Dr. Marie McIntyre is a workplace coach and the author of Secrets to Winning at Office Politics. Here are her answers to three questions about jobs and working:
Returning to the work force
I am a mother of three who wants to return to the work force. I keep sending out resumes, but can't seem to get an interview. I know that I would be hired if an employer could see my commitment and willingness to learn.
There are two paths to an interview: sending out unsolicited resumes or making personal contact. Since your positive attributes may outshine your lack of recent work experience, personal referral is a better bet for you. To identify people who might aid your job search, ask family members, friends and acquaintances for suggestions. When you call these networking contacts, briefly describe your career goal, offer to send a copy of your resume and see if they can suggest others for you to call. Then ask if you can touch base by e-mail every month or so. You might also consider "informational interviewing" - that is, calling people simply to learn more about a particular type of work. If you make a good impression, they may offer some job-search advice.
I want to know when it is appropriate to wear jeans to work. My husband, who is a lawyer with a large company, insists that jeans are okay because of the casual attire policy. After some recent management changes, he has become increasingly unhappy and complains about not getting respect. I maintain that, even though it may not be fair, people are judging him on his clothes and not just his work.
Whether jeans are appropriate depends on official policy and accepted practice. Lawyers typically dress rather conservatively, but your husband's company might be an exception. For a definitive answer, just drop by his office and see for yourself what others are wearing. Another possibility is that your husband feels somewhat rebellious toward the new management and is using his apparel to convey that message. If that's the case, he needs to resolve his differences or prepare for a job search. Expressing defiance through denim is not likely to improve his situation.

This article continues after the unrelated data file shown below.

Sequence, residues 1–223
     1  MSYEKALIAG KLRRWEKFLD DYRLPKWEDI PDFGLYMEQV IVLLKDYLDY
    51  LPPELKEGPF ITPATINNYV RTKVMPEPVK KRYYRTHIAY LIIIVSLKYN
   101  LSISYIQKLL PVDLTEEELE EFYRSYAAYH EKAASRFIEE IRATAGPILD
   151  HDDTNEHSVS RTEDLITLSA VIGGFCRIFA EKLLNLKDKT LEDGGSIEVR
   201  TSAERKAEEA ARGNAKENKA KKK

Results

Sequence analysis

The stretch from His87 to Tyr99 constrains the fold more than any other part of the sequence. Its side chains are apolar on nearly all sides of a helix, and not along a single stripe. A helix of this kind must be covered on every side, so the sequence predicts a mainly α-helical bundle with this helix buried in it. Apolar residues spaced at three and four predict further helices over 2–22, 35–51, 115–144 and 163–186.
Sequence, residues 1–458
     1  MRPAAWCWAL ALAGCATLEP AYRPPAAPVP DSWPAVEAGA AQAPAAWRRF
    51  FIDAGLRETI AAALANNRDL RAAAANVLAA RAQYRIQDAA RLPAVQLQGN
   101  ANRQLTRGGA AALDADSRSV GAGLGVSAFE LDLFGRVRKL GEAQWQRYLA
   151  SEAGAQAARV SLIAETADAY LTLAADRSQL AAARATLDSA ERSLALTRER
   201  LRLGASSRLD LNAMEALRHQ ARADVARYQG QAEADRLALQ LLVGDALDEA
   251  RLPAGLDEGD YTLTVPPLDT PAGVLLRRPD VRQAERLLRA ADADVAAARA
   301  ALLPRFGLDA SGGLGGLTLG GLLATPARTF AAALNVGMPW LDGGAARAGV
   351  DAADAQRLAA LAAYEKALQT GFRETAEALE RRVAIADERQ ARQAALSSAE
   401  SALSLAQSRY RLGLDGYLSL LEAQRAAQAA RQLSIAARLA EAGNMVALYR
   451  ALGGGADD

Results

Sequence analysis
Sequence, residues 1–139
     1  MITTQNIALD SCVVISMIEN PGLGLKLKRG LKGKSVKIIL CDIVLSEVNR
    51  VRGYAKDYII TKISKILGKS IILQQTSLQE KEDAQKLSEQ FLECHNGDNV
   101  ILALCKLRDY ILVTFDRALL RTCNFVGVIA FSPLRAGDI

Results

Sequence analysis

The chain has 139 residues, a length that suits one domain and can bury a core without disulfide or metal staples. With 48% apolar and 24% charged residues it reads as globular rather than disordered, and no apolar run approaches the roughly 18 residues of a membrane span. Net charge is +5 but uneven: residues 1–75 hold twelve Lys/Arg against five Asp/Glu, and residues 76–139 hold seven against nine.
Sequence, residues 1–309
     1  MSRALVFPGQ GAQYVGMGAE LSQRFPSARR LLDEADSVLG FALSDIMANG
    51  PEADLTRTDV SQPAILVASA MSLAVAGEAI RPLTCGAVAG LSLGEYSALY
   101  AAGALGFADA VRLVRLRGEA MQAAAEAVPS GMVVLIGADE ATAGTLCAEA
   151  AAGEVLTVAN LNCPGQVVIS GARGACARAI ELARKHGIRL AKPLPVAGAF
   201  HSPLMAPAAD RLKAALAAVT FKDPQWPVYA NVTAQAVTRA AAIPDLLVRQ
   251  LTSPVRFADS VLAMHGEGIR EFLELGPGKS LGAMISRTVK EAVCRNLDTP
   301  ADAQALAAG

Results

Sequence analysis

One woman in our office is a very high producer who runs circles around the rest of us. Our new supervisor constantly praises her as the ideal employee. My pace is not quite as fast, but I am always finished before the end of the day. The supervisor has started asking if I need help from this co-worker, which I find very offensive.
If you put your own nose to the grindstone, could you be as productive as your speedy colleague? If so, then you're making the choice to work at a more relaxed pace. Nothing wrong with that, but you shouldn't complain if she chooses to go faster. On the other hand, if you are working up to the best of your abilities, then you simply have the misfortune to be paired with a superstar. This may not be good for your ego, but you can't blame your supervisor for being happy about it. Nor should you blame your boss for trying to increase productivity by asking someone who is finished to help someone who is not. After all, a supervisor's primary job is to get work done as correctly and quickly as possible.